Whatever it is that Robert Post does, he's been doing it for 40 years -- and it's time to celebrate.
Actor, mime, juggler, comedian, puppeteer -- you'd need a list as long as one of Post's lanky arms to tally up the titles that don't fit on a business card. Even Post's best effort -- "one-man variety show" -- doesn't quite capture it.
"It's something I can tell people and it makes them happy. It doesn't cover it, but it's good enough," Post told The Beat.
Like many before us, we decided to give it a whirl as well, and came up with the inadequate "street performing meets sketch comedy."
Post's initial forays into performing were fostered by a fascination with mime (Marcel Marceau, in particular) and absurdist theater, both developed while he was a student at Ohio State University. Marrying the two meant testing the limits of physicality and the boundaries of storytelling.
"When I first learned how to juggle three balls, I was astonished," Post said.
Post now leaves the audience astonished with his feats of physical dexterity, developed, he explained, as mechanisms to crafts his set pieces.
"The material drives the physical. Stuff leads me, not the other way around. So I have these 'It would be great if ... Can I do this? Is it possible?' (moments). Some pieces take years, some take months, none take weeks."
"Rolling a plate down my arm (from one hand to the other, both arms extended) -- that takes one second. It took eight months to learn how to do it."
The plate bit is featured in Post's Pasquale's Kitchen, a piece that's less cooking and more juggling, plate-spinning and other feats of coordination and dexterity. In all, Post has 23 set pieces, scenes in which he plays any number of characters, all of them at once, while manipulating both a variety of props and his still-cooperative body.
"There are very few things I've taken out of the show. I always say I'll do this until I'm dead or until my body says it's had enough."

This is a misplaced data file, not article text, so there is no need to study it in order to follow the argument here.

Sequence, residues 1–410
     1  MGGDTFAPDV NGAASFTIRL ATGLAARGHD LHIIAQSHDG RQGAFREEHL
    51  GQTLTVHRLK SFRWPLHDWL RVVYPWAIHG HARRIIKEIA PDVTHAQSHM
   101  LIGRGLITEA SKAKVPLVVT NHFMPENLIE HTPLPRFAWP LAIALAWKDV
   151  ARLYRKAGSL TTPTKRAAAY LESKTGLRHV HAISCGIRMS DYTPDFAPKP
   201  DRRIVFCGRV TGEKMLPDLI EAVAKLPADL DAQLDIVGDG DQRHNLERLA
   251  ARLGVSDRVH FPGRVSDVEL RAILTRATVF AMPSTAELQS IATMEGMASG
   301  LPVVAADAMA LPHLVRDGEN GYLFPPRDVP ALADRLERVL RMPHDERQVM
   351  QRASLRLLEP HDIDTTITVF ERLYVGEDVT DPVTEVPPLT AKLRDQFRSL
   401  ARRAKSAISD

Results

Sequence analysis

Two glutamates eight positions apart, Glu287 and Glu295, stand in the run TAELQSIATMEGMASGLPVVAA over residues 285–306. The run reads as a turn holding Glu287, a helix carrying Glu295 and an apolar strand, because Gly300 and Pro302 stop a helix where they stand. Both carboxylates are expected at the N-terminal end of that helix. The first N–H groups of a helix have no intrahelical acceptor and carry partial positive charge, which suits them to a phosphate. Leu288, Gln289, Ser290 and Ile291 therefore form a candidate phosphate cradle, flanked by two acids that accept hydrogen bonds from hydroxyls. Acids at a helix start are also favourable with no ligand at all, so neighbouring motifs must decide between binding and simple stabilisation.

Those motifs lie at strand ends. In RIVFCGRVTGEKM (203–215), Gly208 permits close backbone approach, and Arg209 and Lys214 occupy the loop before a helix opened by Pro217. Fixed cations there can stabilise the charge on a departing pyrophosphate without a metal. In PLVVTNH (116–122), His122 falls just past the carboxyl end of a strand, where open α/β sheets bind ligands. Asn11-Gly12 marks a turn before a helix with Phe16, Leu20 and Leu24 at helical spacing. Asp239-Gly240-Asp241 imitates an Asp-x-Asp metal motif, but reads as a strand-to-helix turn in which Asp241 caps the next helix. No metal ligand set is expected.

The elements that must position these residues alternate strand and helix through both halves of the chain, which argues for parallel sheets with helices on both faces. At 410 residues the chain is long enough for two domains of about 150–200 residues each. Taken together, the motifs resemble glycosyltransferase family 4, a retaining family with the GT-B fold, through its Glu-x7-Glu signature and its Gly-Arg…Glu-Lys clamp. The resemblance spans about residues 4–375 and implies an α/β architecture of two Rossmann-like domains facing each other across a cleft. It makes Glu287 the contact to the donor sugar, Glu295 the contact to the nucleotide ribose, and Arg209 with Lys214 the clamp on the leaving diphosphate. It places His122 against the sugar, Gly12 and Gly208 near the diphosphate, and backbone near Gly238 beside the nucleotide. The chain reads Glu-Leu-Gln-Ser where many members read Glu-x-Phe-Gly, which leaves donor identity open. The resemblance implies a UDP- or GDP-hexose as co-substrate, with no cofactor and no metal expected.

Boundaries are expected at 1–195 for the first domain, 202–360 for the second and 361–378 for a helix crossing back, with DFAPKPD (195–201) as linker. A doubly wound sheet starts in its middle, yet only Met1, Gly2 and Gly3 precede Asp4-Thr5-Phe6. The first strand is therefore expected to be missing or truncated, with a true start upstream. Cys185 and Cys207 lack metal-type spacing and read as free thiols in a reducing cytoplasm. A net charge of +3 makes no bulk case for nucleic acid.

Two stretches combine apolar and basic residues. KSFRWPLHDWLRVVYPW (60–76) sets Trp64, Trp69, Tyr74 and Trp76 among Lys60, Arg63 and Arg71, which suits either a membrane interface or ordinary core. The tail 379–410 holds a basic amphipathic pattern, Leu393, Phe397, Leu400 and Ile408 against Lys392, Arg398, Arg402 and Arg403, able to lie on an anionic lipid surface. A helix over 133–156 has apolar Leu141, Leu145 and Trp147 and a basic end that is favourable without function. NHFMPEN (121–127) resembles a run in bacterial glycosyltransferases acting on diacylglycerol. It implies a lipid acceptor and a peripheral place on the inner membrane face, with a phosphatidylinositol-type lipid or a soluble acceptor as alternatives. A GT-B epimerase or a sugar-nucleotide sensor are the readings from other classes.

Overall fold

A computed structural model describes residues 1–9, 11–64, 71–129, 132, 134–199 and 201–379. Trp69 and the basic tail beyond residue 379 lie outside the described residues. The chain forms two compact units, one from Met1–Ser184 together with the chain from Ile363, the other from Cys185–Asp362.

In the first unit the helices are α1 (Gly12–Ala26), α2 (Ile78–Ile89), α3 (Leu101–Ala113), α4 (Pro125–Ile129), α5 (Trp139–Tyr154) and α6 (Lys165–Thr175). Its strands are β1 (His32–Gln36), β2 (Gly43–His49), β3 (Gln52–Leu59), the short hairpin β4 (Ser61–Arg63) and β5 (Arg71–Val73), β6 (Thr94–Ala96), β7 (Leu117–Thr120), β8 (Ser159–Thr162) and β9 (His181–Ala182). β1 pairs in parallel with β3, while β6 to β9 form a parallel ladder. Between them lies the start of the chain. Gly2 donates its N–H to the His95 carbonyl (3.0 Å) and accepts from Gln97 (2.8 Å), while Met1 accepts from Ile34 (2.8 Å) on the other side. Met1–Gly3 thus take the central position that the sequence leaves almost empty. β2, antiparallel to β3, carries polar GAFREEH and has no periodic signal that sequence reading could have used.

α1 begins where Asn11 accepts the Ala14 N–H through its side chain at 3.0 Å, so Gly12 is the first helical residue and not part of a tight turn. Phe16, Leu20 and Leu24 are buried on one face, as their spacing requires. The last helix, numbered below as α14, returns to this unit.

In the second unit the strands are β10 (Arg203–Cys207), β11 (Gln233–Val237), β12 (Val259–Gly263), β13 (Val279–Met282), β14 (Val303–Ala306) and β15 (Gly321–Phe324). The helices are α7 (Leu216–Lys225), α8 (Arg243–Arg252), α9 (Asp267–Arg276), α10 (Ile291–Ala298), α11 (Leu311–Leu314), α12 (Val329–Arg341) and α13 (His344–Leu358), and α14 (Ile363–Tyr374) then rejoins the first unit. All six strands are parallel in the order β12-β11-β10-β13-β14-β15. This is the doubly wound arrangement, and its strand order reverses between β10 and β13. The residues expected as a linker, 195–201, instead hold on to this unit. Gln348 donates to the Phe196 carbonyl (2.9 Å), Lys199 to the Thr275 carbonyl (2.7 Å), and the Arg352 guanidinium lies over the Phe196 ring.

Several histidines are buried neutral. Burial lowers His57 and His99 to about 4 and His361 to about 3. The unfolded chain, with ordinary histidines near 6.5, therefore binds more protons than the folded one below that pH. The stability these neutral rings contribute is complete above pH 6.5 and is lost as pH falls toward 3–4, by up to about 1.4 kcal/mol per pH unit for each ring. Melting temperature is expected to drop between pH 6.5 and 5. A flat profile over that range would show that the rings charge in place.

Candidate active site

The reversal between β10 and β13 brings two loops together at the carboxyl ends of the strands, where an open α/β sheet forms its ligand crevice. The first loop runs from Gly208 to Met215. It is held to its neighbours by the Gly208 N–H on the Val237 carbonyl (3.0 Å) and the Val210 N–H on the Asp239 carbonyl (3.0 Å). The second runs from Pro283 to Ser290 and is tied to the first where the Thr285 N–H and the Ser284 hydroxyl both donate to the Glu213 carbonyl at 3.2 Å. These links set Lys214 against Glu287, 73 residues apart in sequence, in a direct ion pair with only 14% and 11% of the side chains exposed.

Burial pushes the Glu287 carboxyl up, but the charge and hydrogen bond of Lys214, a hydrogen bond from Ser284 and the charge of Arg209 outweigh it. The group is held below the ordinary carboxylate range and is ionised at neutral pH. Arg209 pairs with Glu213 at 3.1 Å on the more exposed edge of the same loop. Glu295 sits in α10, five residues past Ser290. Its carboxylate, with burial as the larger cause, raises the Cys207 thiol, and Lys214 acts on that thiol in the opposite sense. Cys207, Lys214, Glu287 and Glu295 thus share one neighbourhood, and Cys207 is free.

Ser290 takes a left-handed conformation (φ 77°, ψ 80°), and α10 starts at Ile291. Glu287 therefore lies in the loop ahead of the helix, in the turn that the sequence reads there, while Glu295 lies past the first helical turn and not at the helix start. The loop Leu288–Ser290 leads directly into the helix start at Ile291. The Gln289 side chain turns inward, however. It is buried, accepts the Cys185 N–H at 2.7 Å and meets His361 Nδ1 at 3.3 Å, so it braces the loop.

Post explained that throughout his career, his focus has been on developing a craft, not trying to "amaze or impress," and that each of his works "came from a fire in the belly." That's why he's both excited and disquieted about the upcoming 40th-anniversary shows.
"I have too much material," he said.
"I'm bringing back a couple things, like Just Another Head (Note: look it up), but I'd like to bring back more."
At the same time, Post said he's "never been more excited" for a show. For 30 years, he has been making video shorts that capture, in snippets, interesting, odd and everyday characters Post encounters as he travels the world doing his shows. He said he's never used his video pieces in his live show, but a recent focus on the video bits convinced him the time was right.
"I have that same fire in my belly now for video. It's become part of my art form."
In the end, marking his 40th anniversary as a performer with shows in his hometown is well worth the extra effort.
"If you would have told me when I started that I'd have enough material to do a solo show, I would not have believed you. And if you'd told me that my body would take it for 40 years -- so far, so good. I'm more amazed than anybody."
Doubtful. Let's wait and see after the shows.
Robert Post celebrates his 40th anniversary with two special performances Friday and Saturday, March 7 and 8, at the Lincoln Theatre. Tickets are $25/$30. Visit capa.com.